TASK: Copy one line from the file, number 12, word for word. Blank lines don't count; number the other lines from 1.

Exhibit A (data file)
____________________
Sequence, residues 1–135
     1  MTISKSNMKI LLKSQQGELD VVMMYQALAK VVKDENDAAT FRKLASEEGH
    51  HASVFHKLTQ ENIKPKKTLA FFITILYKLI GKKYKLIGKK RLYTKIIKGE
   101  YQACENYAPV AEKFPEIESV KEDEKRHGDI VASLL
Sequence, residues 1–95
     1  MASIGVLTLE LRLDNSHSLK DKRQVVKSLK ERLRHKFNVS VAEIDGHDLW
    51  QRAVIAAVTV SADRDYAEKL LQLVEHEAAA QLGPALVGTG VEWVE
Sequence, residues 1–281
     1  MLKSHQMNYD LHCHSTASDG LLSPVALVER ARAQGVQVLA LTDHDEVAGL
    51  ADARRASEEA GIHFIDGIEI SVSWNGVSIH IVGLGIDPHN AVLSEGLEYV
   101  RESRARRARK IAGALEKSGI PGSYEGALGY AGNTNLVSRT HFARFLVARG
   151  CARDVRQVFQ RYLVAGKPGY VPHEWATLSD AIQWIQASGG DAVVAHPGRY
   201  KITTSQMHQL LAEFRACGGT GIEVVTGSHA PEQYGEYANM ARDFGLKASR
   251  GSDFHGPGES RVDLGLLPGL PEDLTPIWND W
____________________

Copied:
   151  CARDVRQVFQ RYLVAGKPGY VPHEWATLSD AIQWIQASGG DAVVAHPGRY